• Events, dear boy, events: the long boom is over; house prices are on their way down; negative equity beckons; the feel-good factor has evaporated.
  • All governments run out of steam. I had dinner recently with a senior civil servant. I asked him what the atmosphere is like in Whitehall. He said that it felt like the beginning of the end — that the government had basically run out of ideas, that ministers were exhausted and becoming demoralised.
  • The great British electorate isn’t very interested in politics: Labour has been in power so long that it’s become boring. The man on the Clapham omnibus thinks it’s time for a change. It’s nothing to do with a belief that Cameron & Co are wonderful, or even competent. There’s no evidence yet that they could run a whelk stall. Their main merit is just that they’re not Harriet Harman/Gordon Brown/Jack Straw/Jacqui Smith/Hazel Blears…
  • The Observer: Blair told aide ‘Gordon will lose to Cameron’

    Way back in December 2005 I wrote this:

    Whenever someone intelligent seems to be behaving oddly, the hypothesis has to be that they know what they’re doing and that you simply haven’t figured it out. (Sometimes clever people do barmy things, but that’s not the best initial bet.)

    So it is with Tony Blair and the Succession. If — as is widely believed — there is some kind of deal between him and Gordon Brown that the latter is the anointed successor, then Blair’s declared intention of serving “a full term” as Prime Minister seems bizarre. If he really wanted Brown to succeed and have a fighting chance of winning the next election, then there must be an orderly transition fairly soon (and certainly no more than 18 months from now). But this is not how Blair — steaming fanatically ahead with his reform-or-bust agenda — is behaving. Why?

    Watching Brown in action this week as Adair Turner’s sensible report on the pensions crisis was published, an obvious thought occurred to me (I’m slow on the uptake, alas). It’s this: Blair doesn’t want Brown to succeed him, and he’s going to do everything in his power to stop him becoming leader!

    What’s more, he’s right. If Labour goes into the next election with Brown facing David Cameron as the Tory leader, then they will lose.

    Since then various people have pooh-poohed this analysis as the purest fantasy. So it’s really interesting to find this story in this morning’s Observer.

    Gordon Brown’s leadership was in turmoil last night after claims that Tony Blair does not believe he is capable of beating David Cameron and winning the next election.

    The humiliating charge from Blair’s former fundraiser and confidant Lord Levy came as Labour MPs pleaded for Brown to stay away from the campaign trail in this week’s critical London mayoral elections for fear of wrecking Ken Livingstone’s chances. Levy’s intervention will confirm fears that Brown is becoming an electoral liability.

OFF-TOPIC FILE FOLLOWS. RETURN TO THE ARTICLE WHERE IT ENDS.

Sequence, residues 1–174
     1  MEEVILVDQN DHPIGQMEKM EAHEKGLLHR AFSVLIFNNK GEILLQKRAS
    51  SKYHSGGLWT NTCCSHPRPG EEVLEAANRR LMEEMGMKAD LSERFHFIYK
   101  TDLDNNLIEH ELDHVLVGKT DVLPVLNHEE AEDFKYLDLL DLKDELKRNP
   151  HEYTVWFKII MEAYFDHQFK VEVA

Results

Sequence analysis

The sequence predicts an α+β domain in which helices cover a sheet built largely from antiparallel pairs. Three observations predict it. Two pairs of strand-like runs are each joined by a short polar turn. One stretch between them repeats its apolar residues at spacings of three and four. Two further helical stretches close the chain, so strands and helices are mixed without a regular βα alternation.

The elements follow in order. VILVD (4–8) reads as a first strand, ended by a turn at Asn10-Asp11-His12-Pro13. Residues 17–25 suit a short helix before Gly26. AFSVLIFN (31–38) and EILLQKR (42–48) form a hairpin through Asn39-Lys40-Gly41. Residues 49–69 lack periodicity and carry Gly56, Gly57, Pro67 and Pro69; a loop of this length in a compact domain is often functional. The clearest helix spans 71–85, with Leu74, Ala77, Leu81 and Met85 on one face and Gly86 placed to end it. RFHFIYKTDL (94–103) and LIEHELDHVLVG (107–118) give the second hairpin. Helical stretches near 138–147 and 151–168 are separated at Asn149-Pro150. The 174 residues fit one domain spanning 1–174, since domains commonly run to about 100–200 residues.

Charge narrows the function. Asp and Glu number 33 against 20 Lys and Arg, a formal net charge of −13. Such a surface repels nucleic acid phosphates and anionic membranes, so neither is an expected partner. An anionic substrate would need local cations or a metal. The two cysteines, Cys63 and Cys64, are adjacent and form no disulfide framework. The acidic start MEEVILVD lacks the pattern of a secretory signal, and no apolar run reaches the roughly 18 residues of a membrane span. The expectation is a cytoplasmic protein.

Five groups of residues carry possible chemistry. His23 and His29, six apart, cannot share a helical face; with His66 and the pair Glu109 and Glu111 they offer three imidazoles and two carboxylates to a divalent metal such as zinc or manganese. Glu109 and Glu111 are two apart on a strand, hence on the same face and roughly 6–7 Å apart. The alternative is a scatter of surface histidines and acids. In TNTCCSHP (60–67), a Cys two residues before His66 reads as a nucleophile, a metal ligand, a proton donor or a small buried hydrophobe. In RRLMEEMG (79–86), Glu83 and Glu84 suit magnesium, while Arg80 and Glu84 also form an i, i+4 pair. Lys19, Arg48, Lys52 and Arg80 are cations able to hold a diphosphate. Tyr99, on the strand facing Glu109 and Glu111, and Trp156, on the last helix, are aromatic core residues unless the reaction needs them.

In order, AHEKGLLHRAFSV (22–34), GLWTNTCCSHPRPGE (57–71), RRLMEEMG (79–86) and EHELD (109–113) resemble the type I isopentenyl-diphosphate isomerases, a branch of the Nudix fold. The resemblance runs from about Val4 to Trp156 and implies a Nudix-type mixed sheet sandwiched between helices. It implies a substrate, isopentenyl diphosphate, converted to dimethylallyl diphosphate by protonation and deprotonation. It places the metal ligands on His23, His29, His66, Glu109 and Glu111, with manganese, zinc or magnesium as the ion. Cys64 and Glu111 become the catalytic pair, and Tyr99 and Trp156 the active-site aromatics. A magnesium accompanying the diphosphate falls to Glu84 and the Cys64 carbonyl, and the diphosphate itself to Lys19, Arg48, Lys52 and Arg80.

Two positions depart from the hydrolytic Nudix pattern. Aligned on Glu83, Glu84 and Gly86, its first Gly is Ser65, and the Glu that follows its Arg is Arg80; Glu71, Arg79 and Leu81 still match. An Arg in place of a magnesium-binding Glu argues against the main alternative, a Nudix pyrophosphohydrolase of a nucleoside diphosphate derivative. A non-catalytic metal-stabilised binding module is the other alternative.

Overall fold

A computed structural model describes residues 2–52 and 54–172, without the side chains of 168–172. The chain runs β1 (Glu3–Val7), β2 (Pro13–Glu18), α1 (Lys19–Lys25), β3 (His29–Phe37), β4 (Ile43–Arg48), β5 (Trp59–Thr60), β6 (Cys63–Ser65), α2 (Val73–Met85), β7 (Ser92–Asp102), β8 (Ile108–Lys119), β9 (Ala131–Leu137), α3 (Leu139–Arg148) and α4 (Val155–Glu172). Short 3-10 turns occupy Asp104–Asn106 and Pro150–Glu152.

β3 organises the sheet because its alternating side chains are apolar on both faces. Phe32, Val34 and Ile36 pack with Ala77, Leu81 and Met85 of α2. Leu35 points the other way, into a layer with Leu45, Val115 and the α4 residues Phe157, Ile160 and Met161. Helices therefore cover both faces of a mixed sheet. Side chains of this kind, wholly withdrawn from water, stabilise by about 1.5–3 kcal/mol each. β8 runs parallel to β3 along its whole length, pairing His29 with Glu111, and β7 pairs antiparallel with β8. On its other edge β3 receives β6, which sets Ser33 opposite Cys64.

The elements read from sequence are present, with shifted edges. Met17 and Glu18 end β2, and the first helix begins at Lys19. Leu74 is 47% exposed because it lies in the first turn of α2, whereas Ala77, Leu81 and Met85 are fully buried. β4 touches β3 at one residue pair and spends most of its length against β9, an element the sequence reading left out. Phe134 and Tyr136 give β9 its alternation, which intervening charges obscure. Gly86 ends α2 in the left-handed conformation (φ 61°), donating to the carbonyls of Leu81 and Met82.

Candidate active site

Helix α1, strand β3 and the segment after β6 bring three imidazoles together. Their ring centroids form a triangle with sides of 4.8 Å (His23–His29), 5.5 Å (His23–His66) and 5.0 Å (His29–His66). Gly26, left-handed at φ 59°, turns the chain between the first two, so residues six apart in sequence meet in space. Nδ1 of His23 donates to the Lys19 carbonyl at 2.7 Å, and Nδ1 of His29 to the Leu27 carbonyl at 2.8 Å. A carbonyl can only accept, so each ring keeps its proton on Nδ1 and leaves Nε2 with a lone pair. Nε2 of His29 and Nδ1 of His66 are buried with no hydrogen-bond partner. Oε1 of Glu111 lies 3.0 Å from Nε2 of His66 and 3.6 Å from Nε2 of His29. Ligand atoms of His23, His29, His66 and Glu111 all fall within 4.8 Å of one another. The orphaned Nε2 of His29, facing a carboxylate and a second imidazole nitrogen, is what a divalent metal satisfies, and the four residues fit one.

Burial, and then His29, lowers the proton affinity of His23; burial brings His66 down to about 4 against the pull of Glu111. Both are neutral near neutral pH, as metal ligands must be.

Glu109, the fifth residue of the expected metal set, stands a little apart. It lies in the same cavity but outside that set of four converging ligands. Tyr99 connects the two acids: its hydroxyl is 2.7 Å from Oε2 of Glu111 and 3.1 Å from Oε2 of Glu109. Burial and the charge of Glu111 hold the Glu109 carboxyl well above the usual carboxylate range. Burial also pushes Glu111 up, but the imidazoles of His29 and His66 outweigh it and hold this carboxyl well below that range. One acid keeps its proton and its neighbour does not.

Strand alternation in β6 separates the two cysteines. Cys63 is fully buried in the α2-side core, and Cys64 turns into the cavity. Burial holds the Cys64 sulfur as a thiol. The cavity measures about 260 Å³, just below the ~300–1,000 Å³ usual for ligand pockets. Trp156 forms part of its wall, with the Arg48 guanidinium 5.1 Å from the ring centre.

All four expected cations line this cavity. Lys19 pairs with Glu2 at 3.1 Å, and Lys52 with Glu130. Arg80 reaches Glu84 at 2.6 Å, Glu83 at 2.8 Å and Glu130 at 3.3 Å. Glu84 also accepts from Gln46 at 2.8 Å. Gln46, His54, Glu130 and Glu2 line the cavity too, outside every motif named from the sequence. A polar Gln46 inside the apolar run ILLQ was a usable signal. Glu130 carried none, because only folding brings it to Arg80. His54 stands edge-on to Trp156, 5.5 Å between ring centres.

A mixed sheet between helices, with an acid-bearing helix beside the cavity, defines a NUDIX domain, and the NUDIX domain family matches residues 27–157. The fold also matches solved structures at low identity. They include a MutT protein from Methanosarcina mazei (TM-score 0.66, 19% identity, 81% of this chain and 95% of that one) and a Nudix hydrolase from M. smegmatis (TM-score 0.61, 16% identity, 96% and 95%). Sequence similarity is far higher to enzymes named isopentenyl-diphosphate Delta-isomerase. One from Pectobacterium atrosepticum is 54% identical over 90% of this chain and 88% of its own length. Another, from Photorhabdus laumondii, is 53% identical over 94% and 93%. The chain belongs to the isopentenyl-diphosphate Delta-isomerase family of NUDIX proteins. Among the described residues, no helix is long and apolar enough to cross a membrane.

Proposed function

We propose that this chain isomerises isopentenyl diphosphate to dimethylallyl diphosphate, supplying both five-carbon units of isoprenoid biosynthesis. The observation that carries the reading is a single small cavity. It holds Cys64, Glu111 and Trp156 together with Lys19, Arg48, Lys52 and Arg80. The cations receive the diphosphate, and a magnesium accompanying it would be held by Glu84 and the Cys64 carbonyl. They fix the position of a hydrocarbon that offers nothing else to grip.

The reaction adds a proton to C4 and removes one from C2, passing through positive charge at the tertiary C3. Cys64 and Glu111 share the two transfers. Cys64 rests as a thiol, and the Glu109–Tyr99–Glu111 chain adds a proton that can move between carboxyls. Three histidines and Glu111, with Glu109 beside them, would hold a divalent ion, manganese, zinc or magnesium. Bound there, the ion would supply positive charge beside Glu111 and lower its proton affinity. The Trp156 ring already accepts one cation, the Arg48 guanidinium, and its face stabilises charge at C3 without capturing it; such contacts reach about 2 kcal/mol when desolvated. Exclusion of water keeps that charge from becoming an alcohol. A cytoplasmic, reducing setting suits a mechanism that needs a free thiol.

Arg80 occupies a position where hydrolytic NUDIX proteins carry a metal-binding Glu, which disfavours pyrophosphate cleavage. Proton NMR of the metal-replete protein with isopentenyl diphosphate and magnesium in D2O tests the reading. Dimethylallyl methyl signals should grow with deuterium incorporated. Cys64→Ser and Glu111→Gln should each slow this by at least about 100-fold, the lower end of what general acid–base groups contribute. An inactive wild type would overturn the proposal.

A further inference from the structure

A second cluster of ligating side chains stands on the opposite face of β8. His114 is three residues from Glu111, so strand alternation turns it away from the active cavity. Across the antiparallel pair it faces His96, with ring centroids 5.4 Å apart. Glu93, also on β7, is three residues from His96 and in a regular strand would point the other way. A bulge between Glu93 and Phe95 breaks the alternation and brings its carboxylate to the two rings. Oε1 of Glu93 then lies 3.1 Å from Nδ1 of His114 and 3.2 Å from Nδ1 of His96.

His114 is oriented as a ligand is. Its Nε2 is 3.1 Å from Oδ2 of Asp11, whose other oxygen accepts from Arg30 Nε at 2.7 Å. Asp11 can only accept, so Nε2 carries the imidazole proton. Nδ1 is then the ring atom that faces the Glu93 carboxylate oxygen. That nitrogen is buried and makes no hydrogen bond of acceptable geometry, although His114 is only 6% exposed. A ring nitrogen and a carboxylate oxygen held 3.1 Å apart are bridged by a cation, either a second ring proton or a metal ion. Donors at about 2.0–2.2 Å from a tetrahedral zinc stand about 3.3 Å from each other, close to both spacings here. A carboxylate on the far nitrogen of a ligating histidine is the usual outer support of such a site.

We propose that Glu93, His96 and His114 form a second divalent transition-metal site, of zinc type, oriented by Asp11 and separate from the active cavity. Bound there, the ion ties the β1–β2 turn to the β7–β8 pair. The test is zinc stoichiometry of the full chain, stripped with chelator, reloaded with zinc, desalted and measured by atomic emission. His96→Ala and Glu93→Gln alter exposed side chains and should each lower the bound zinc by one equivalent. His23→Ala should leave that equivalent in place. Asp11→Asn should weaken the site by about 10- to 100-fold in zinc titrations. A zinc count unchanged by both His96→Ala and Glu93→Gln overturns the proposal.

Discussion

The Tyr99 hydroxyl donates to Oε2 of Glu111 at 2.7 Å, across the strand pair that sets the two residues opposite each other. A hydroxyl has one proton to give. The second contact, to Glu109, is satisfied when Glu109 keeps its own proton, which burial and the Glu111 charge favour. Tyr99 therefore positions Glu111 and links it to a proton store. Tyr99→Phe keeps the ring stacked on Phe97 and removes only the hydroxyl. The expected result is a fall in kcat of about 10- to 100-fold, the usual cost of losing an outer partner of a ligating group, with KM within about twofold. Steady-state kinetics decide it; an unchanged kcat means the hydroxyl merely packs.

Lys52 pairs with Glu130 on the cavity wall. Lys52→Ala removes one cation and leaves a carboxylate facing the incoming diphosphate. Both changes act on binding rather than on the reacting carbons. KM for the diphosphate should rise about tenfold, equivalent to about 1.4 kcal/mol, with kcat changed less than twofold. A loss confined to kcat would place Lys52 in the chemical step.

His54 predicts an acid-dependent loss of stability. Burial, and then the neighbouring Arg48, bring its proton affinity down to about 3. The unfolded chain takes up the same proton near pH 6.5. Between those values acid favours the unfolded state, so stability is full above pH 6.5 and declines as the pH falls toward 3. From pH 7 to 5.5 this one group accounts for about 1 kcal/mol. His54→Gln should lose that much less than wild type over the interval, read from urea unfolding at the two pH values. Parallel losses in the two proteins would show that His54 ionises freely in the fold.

Even though Blair last night issued a statement categorically denying the claims and insisting he did believe Labour could win under his successor, there was consternation in Downing Street.

    In his memoirs, serialised today in the Mail on Sunday newspaper, Levy writes that Blair ‘told me on a number of occasions he was convinced Gordon “could never beat Cameron”‘.

    I can’t claim any special insight for my original analysis. Just common sense.

    The mystery of Broon — contd.

    Martin Kettle thinks the unthinkable?

    This much, though, is certain. Brown is not ready to give up, but nor is he confident he can win the public’s support back. For whatever reason, he lacks the certainty of his predecessor. Even when Blair was wrong, he was clear about where he was heading. But Brown lacks Blair’s confidence – and this is now corrosive. “The challenge is primarily psychological,” says a senior minister, “It’s about being confident.” “He simply doesn’t know what to do,” responds a senior backbencher. “There’s no sense of direction whatever. There’s nothing there.”

    What can Brown do about this mood? Helpfully meant suggestions abound – be more radical, be more centrist, be yourself, be someone else, get a speechwriter, get a haircut – yet most of these miss the point. Guys of 57 don’t change much. The way people have behaved in the past, a wise minister observed this week, is still the best guide to the way they will behave in the future. A large amount of the wishful-thinking school of commentary on the Labour government’s predicament persistently overlooks this obvious point. There isn’t an Attlee or Roosevelt lurking inside the prime minister. There’s just the same old Gordon with the same old strengths and weaknesses…

    The mystery of Broon

    Perceptive column by Polly Toynbee